As it has done every two years since the Bipartisan Campaign Reform Act indexed contribution limits for inflation, the FEC has announced revised contribution limits for the 2016 election cycle. In addition to the traditional limits for candidates, PACs, and parties, the FEC also set the indexed limit for the new special accounts created at the end of 2014 for the national political parties. This first chart shows the limits for individual and PAC contributions to candidates, PACs, and state and local party committees:

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This next chart shows the amounts that an individual may give to the national party committees. The general fund is the account that has always existed, while the other funds are the new accounts Congress created in 2014 to help the parties to defray certain costs:
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The Maryland legislature overhauled the state’s campaign finance law almost two years ago, but many of the key provisions did not take effect until January 1, 2015. These changes significantly affect state government contractors by introducing a new electronic registration system overseen by the State Board of Elections, and requiring electronic reporting of contributions made

Louisiana imposes an aggregate limit of $100,000 on a person’s contributions to a political committee in Louisiana during a four-year election cycle. An independent expenditure-only committee (i.e., a Super PAC) supporting gubernatorial candidate David Vitter sued, arguing that the cap is unconstitutional as applied to super PACs. A federal judge has now agreed.

“[I]ndependent expenditure committees are sacrosanct under the First Amendment.”

The Louisiana judge sided with the unanimous rulings of seven federal courts of appeals that have struck down limits on contributions to Super PACs. Based on these rulings, and the Supreme Court’s landmark Citizens United case, the judge observed that as a matter of law “independent expenditures present not even a marginal risk of corruption,” a principle that holds even if the Super PAC is formed to support a single candidate.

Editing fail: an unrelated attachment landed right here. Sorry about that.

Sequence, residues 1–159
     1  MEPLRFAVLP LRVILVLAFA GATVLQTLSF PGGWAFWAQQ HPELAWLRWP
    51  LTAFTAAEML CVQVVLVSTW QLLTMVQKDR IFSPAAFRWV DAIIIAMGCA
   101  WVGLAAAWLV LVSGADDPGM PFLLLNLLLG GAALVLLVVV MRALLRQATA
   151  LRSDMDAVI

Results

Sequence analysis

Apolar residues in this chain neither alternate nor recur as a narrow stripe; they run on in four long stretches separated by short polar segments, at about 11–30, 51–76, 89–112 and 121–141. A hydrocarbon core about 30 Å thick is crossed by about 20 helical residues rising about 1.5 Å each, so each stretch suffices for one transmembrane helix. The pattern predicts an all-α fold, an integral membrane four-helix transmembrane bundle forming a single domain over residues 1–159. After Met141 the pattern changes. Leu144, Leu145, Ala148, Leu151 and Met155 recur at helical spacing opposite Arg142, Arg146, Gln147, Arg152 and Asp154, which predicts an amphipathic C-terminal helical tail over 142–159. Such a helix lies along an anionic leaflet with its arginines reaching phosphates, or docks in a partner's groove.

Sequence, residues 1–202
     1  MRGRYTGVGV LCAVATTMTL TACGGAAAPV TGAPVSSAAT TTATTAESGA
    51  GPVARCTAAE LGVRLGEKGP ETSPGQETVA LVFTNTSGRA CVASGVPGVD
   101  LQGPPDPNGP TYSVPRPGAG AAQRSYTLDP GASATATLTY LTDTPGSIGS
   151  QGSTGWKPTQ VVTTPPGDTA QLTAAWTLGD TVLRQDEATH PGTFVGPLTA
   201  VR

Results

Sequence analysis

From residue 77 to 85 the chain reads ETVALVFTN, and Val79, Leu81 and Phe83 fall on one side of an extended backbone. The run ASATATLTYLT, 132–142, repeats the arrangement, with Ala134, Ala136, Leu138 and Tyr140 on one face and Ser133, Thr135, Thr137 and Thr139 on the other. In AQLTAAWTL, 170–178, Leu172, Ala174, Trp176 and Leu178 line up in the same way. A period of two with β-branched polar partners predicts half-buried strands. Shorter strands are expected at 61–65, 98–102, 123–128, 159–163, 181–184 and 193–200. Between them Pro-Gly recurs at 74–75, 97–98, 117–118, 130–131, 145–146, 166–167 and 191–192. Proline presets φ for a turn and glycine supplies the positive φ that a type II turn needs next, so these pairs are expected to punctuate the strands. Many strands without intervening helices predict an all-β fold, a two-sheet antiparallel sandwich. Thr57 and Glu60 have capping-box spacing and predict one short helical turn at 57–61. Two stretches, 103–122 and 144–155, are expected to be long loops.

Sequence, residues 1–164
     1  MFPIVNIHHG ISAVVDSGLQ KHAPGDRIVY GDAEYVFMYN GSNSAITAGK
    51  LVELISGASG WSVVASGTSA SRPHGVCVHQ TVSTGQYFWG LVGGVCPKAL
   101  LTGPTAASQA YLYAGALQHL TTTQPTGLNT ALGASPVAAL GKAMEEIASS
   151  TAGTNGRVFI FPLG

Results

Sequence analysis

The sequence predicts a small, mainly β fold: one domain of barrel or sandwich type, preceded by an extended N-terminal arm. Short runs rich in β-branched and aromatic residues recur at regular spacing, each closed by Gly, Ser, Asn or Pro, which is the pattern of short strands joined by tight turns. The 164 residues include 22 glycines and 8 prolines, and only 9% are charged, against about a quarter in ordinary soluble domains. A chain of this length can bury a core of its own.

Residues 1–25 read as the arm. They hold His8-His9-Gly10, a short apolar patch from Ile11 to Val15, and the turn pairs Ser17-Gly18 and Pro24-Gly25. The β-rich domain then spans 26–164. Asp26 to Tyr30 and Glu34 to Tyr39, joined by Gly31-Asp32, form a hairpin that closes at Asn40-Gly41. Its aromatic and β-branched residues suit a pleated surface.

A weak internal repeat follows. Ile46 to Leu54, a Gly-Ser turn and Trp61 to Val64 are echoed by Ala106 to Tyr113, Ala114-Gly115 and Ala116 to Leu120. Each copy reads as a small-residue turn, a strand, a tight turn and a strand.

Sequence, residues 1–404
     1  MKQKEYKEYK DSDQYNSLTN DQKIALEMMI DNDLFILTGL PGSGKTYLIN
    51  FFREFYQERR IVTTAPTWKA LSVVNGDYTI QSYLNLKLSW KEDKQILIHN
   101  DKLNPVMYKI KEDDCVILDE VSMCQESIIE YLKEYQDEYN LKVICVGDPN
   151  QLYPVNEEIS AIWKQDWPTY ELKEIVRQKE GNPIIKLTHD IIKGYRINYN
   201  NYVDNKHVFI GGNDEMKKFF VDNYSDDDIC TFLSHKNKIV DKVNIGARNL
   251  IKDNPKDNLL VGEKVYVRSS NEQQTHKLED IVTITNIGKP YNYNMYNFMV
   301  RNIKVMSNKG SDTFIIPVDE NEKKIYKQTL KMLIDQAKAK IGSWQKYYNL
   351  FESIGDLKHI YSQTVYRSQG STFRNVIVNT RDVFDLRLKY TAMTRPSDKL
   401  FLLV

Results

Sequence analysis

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As discussed last fall, against the fairly settled case law around the country, New York continued to fight against Super PACs. A Super PAC is a political committee that typically funds ads advocating for or against candidates, but that may not coordinate its spending with candidates and their campaigns. New York argued that its annual

Please join us for a networking lunch and program (also available as a webinar) on April 29, 2014, at 12:00pm EDT in our Washington, D.C. office, which will provide a timely roadmap for nonprofit organizations that engage or are thinking about engaging in the political process. We will cover topics that you should be thinking

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In case you missed our webinar last week on government affairs compliance, you can click here for the recording and here for the presentation materials. We covered topics including:

  • Creative ways to be involved in the political process; 
  • Operating a compliant PAC;
  • Federal and state lobbying compliance;
  • Pay-to-play laws that affect

With donors now allowed to give unlimited sums to Super PACs and other political advocacy groups, the biggest issue in campaign finance regulation is what such groups must disclose about their fundraising and spending, and when.  Some states have moved aggressively to bolster their disclosure rules, with a couple of states filing suit to force

Obviously the IRS has spent a great deal of time trying to determine whether certain groups qualify for exemption under Section 501(c)(4) of the tax code. Why 501(c)(4) status matters so much is really about disclosure and not about tax revenue at all.

Unlike contributions to Section 501(c)(3) organizations, contributions to 501(c)(4)s are not deductible